Before Watchmen: Silk Spectre #2 Review

BW Silk Spectre 2The comic book event of the summer is nigh!  Before Watchmen, the much-anticipated prequel series to Alan Moore and Dave Gibbons' Watchmen, will consist of seven limited series and an epilogue one-shot.  Stay tuned, as the Fanboy Comics crew will be reviewing each title as it is released. Hurm. 


This second issue of Silk Spectre shares many of the strengths I pointed out in my review of the last issue: the art is great, the characters are well-rounded and expressive, and the writing is solid. This issue breaks down a bit, but it remains a compelling next chapter in the story of Laurie Jupiter’s early years.

From the first page it’s clear that this is a very different type of story than what we got last issue. Previously, despite a few displays of athleticism on Laurie’s part, the story was more of a realistic teenage tale. This time, Laurie is embroiled in some traditional super-heroing. She even squares off against a thematic criminal gang (though why they are all dressed thematically is never really explained). A fair amount of time has passed since the end of the last issue, and we are quickly caught up through a montage of images framed as a letter Laurie has written to her “uncle” Hollis back home. A lot of information is clearly and cleverly delivered in a short amount of time, offering a satisfying catch-up for the reader on Laurie’s new status quo. Soon, Laurie is sniffing out a sinister plot in San Francisco . . . will she be able to stop it in time? Probably, but not without great personal cost . . .

I do have a few gripes with this issue. First, they kept the device from Issue #1 where Laurie sees things happening around her through the filter of her daydreams, but they do less in this issue to clearly separate this from reality. It may be done on purpose to signify that she is maturing and her fantasy world is keeping pace, but the end result is a bit confusing since it’s not always easy to tell when we’ve slipped into a daydream. Speaking of confusing, that aforementioned sinister plot is a bit of a doozy, and takes a little time to be fully explained in a way that makes any kind of sense. Furthermore, it is introduced when the scene switches jarringly over to the bad guys, who we have not yet been introduced to, so I found myself playing catch-up for a couple of pages. Also, and this may just be me, I found myself distracted during this scene---several prominent musicians from the '60s are present, with The Beatles immediately recognizable, but I found myself being distracted from what was going on as I tried to determine who was who. This was made more difficult by the fact that real-world celebrities are mixed in with fictional ones, so I had a hard time knowing who I was supposed to recognize. A minor issue, but I found it annoying.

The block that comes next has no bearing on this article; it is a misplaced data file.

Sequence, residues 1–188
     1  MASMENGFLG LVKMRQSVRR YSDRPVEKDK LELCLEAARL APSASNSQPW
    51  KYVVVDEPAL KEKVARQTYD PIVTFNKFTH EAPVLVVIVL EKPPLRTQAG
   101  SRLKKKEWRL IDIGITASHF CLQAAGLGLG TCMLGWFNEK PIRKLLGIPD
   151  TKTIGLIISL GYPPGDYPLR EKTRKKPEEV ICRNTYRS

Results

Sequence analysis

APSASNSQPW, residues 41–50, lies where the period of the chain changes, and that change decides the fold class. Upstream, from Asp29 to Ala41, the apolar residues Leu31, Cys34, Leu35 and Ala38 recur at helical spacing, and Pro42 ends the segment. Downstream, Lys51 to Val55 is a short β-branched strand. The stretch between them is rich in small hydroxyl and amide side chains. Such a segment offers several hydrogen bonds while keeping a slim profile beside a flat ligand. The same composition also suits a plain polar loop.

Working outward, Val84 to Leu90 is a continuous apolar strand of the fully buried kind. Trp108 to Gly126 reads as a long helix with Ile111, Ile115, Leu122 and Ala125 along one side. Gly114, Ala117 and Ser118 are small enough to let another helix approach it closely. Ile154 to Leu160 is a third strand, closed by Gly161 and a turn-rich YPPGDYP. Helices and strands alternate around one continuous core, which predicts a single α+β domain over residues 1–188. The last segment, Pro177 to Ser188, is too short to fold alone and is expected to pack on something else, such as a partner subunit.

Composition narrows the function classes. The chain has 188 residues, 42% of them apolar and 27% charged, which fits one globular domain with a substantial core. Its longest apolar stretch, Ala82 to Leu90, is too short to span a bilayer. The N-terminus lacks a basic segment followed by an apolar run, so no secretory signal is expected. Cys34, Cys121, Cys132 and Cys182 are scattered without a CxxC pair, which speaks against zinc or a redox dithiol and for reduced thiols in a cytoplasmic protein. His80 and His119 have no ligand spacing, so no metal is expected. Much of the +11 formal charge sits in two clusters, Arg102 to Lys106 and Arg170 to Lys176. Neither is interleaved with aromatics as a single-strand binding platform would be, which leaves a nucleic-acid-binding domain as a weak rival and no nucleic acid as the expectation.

Overall, while not quite as strong as the first issue, I did find this to be an enjoyable read, and I think the story is continuing to head in an interesting direction. There are plenty of meaty details to chew on in this book, and I look forward to the next installment.

And now it’s time for…


All right, so I’ve missed several installments at this point. It looks like now our mutinous sailor, whose name I can’t remember, has been saved from the sea, where he was presumably tossed. Hooray, he’s saved! Or, is he? Hey, isn’t that the dead guy from last time? He’s alive! Oh wait, no . . . this is that cursed ship, the Flying Dutchman! The men who sail upon her are doomed to roam the seas forever as punishment for their sins! What will happen to First Mate No-Name? Whatever it is, I bet it isn’t happy . . .


Last modified on Sunday, 11 March 2018 02:32

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